Web Reviews: Urban Planning Online
Web Reviews: Urban Planning Online
Do phrases like “new urbanism” and “smart growth” leave you feeling slightly confused? If so, it's time to smarten up. Although smart growth initiatives may not immediately affect your sales, their long-term consequences can change your market’s equilibrium, altering the balance between supply and demand or raising new home costs through impact fees or density restrictions. Smart Growth Online provides local and national resources to help you develop an understanding of smart-growth issues and track initiatives in your area.
The site, a cooperative effort between the U.S. Environmental Protection Agency and several non-profit and government organizations, is overwhelmingly pro-smart growth, but it can help you unravel the issue’s complexities. Its “Smart Growth Resource Library” collects links to reports, Web sites, tools, and case studies related to different aspects of smart growth. The library’s three sections are:
- Principles--provides a mission statement for smart growth, listing goals such as preserving open space, farmland, and critical environmental areas; providing a variety of transportation choices; taking advantage of compact building design; and ensuring predictable, fair, and cost effective development decisions.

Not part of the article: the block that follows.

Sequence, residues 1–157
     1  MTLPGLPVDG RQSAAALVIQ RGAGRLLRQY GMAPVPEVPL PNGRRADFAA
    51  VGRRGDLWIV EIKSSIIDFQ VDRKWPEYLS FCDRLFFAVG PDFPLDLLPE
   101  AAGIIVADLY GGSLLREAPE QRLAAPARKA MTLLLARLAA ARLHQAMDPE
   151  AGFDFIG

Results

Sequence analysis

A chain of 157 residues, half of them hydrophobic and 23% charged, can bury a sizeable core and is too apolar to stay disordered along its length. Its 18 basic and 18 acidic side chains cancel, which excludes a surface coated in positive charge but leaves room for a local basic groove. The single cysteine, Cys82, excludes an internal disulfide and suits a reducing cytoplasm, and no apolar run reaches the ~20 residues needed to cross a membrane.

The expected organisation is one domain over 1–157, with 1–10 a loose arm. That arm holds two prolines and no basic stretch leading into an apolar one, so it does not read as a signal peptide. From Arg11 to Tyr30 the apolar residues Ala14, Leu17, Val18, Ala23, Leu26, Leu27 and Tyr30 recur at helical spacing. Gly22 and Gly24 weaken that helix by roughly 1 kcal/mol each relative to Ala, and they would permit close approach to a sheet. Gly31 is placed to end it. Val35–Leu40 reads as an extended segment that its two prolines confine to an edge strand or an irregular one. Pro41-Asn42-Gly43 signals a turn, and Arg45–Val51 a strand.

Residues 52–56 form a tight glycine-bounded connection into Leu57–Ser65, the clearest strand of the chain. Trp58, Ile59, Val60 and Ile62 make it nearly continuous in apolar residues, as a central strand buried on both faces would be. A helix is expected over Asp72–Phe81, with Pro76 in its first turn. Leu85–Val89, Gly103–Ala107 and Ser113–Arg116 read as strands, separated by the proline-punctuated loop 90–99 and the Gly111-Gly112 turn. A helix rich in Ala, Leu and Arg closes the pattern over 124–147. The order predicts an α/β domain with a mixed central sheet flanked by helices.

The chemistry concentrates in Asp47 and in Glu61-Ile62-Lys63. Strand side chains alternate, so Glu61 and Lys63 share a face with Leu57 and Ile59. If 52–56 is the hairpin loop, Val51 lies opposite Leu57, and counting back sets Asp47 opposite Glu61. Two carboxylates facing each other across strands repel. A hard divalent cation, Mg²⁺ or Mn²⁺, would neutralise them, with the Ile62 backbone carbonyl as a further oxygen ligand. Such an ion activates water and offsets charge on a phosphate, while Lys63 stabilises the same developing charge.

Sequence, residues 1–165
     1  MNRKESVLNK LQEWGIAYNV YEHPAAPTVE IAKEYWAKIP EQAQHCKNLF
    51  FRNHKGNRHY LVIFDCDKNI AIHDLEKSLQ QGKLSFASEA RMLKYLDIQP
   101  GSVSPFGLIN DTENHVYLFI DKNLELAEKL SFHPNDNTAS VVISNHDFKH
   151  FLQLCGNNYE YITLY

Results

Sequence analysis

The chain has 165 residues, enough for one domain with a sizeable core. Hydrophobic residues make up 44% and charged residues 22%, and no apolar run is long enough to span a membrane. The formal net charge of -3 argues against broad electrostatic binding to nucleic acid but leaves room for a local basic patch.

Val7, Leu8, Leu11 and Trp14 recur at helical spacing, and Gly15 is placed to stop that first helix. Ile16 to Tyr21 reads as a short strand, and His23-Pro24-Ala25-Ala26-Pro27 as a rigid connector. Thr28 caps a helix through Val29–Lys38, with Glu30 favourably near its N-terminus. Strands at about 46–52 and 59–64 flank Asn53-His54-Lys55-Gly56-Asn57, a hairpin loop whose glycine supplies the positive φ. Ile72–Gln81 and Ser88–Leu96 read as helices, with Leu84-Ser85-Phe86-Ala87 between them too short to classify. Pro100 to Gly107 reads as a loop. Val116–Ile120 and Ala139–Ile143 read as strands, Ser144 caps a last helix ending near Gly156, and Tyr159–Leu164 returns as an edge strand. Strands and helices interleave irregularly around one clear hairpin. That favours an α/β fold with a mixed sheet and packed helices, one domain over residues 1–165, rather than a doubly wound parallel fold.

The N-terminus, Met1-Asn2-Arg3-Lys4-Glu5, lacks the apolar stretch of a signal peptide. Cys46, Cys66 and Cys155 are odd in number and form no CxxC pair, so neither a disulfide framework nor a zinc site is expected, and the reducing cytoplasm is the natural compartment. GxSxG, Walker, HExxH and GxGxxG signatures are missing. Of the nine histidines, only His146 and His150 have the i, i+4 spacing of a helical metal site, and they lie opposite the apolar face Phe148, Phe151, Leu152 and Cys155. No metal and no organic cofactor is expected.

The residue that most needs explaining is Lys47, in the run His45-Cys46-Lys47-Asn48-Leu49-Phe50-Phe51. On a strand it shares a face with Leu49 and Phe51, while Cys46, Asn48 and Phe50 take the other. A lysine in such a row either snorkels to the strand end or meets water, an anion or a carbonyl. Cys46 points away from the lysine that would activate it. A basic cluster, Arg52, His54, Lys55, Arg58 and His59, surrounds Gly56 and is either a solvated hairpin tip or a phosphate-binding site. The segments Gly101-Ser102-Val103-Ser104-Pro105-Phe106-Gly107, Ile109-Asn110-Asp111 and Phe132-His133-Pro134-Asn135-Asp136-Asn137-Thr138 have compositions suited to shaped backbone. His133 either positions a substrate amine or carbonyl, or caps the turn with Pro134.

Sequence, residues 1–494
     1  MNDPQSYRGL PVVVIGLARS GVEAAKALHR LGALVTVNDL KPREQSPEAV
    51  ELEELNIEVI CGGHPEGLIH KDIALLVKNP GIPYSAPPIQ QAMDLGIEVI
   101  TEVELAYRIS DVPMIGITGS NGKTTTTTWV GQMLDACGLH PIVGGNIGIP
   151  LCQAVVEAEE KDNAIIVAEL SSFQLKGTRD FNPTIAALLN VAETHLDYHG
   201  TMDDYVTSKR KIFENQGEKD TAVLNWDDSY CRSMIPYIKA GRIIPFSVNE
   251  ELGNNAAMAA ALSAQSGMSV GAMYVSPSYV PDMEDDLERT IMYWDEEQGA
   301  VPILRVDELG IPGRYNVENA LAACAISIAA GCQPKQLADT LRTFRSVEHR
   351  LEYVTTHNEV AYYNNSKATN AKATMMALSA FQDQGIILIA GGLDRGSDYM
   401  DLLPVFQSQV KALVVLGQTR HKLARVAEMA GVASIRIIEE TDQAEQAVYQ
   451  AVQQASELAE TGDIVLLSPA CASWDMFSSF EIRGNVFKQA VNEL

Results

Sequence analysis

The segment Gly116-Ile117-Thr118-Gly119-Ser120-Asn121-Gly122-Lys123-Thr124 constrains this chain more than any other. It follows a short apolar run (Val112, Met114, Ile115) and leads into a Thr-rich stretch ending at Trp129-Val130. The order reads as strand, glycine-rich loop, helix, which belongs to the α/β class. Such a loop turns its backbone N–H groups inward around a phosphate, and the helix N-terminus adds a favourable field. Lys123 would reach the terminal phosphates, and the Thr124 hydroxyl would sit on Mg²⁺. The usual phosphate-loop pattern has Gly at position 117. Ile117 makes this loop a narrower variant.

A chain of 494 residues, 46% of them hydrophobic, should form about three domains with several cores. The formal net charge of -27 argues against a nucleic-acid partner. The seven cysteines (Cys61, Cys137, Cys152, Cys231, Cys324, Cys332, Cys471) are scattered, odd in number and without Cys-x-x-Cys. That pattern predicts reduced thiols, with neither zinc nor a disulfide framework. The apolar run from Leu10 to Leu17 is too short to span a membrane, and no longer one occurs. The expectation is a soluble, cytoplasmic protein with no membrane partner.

- Issues--summarizes various areas related to smart growth, including economics, transportation, community quality of life, building design, and health.
- Type--indexes links according to category, whether they are speeches, articles, case studies, books, organizations, or Web sites.
The site’s “Smart Growth News” section provides U.S. and international short news summaries of smart-growth activity, with links to the original articles. You can search the section by date or by state or province to read about the latest smart-growth happenings in your area. For example, the site contains numerous articles on Maryland Governor Parris N. Glendening, an outspoken smart growth proponent who has championed protections for the Chesapeake Bay. Additionally, you can sign up to receive free weekly smart-growth news updates by state.
The site also provides a calendar that lists dates for presentations on smart growth. One drawback is that the section is not searchable by state--a curious omission. Instead you must click on each link to find out whether the presentation is in your area.
Users can register to join the Smart Growth Network (SGN) online for membership for $49 for the first year; the annual renewal fee is $29. Members receive two primers, Best Development Practices andWhy Smart Growth; a list of SGN partners; and fact sheets about infill financing; as well as a video on land use and development issues. They can also access Smart Growth Online’s members-only section, which contains a bulletin board and issues of the organization’s bimonthly magazine, “Getting Smart!” online.
Smart growth initiatives can affect the development of your community and raise property values and prices. Growth Online can help you to smarten up to the latest trends, so that you can track policies in your area.
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